• Mindfulness-Based Therapy: This approach incorporates mindfulness practices to help individuals become more aware of their thoughts and feelings without becoming overwhelmed by them. Techniques such as mindful breathing and meditation can promote relaxation and reduce anxiety.
  • Acceptance and Commitment Therapy (ACT): ACT encourages individuals to accept their thoughts and feelings rather than struggling against them. It also focuses on committing to actions that align with one’s personal values, which can provide a sense of purpose and reduce anxiety.
  • Dialectical Behavior Therapy (DBT): Initially developed for borderline personality disorder, DBT has been adapted to help individuals regulate emotions and cope with stress. It combines acceptance strategies with change strategies, teaching skills such as distress tolerance and emotional regulation, which are particularly useful for autistic adults experiencing anxiety.


In some cases, medication may be necessary to manage anxiety symptoms. Selective serotonin reuptake inhibitors (SSRIs) and other anti-anxiety medications can be effective. However, it’s essential to work closely with a healthcare provider to monitor the effects of medication and adjust dosages as needed. Medication should be considered as part of a broader treatment plan that includes psychotherapy and lifestyle changes.

Lifestyle Modifications

Adjusting daily routines and environments can significantly reduce anxiety. Here are some strategies that can help:

  • Sensory-Friendly Environment: Creating a sensory-friendly space at home or work can help reduce anxiety. This might include using soft lighting, reducing noise levels, and incorporating sensory tools like weighted blankets or noise-canceling headphones.
  • Structured Routine: Establishing a consistent daily routine can provide a sense of predictability and control, which can help reduce anxiety. This includes regular sleep schedules, meal times, and activities.
  • Physical Activity: Regular physical activity is known to reduce anxiety. Encouraging activities that the individual enjoys, such as walking, swimming, or yoga, can be beneficial.
  • Healthy Diet: A balanced diet impacts overall well-being. Ensuring a diet rich in nutrients and avoiding excessive caffeine and sugar can help manage anxiety symptoms.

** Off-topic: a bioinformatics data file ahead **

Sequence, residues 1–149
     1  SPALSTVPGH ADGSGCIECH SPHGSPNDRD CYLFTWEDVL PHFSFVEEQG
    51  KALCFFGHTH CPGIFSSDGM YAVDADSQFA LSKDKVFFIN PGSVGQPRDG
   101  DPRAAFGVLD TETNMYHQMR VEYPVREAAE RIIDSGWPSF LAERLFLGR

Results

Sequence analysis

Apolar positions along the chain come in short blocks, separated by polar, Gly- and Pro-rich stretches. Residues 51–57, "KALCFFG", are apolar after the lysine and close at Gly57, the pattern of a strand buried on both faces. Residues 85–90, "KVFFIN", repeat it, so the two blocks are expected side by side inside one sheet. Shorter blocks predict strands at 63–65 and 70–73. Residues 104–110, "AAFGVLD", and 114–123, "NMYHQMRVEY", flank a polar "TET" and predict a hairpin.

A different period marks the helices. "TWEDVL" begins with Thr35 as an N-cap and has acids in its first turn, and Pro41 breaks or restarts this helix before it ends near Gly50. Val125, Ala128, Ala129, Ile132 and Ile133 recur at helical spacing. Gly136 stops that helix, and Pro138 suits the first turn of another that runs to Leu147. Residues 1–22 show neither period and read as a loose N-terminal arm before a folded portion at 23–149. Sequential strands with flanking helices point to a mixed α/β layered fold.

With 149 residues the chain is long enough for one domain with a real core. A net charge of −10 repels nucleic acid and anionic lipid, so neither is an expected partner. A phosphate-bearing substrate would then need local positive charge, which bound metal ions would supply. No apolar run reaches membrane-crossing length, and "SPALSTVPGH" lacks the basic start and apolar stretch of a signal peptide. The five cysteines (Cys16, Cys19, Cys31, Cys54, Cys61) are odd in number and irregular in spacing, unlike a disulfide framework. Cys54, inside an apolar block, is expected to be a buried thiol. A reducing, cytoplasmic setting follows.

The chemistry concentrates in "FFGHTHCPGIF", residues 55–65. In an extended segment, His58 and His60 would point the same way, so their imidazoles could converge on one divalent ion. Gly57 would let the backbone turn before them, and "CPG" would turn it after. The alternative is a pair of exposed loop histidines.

Support Networks

Having a strong support network is crucial for managing anxiety. This can include family, friends, support groups, and professional caregivers. Social support provides a sense of belonging and understanding, which can alleviate feelings of isolation and anxiety. Support networks can also offer practical assistance and encouragement, making it easier to implement and maintain coping strategies.

Self-Care Practices

Encouraging self-care practices can empower autistic adults to manage their anxiety. These practices might include:

  • Mindfulness and Meditation: Regular mindfulness exercises and meditation can help in grounding and calming the mind. Apps and online resources can provide guided sessions for beginners.
  • Hobbies and Interests: Engaging in hobbies and interests can provide a constructive outlet for stress and anxiety. Whether it’s art, music, gardening, or reading, having a passion can be a significant source of comfort and joy.
  • Relaxation Techniques: Techniques such as deep breathing, progressive muscle relaxation, and guided imagery can be effective in reducing anxiety. These can be practiced daily to maintain a calm state of mind.


Anxiety is a significant challenge for many adults with autism, but with the right understanding and strategies, it can be managed effectively. By recognizing the signs of anxiety, understanding its sources, and implementing therapeutic and lifestyle interventions, you can help alleviate anxiety and improve the overall quality of life for autistic adults.

If you or a loved one is struggling with anxiety, don’t hesitate to seek professional help. Contact me for a virtual consultation to explore tailored strategies and support for managing anxiety. Together, we can work towards a calmer and more confident future.

By understanding and addressing anxiety in autistic adults, you are taking a crucial step towards enhancing well-being and fostering a supportive environment. Remember, you are not alone in this journey, and help is always available.


Dr. Kenneth Roberson

Dr. Kenneth Roberson is an Adult Autism Psychologist in San Francisco with over 30 years of experience. Click below to ask a question or schedule an appointment.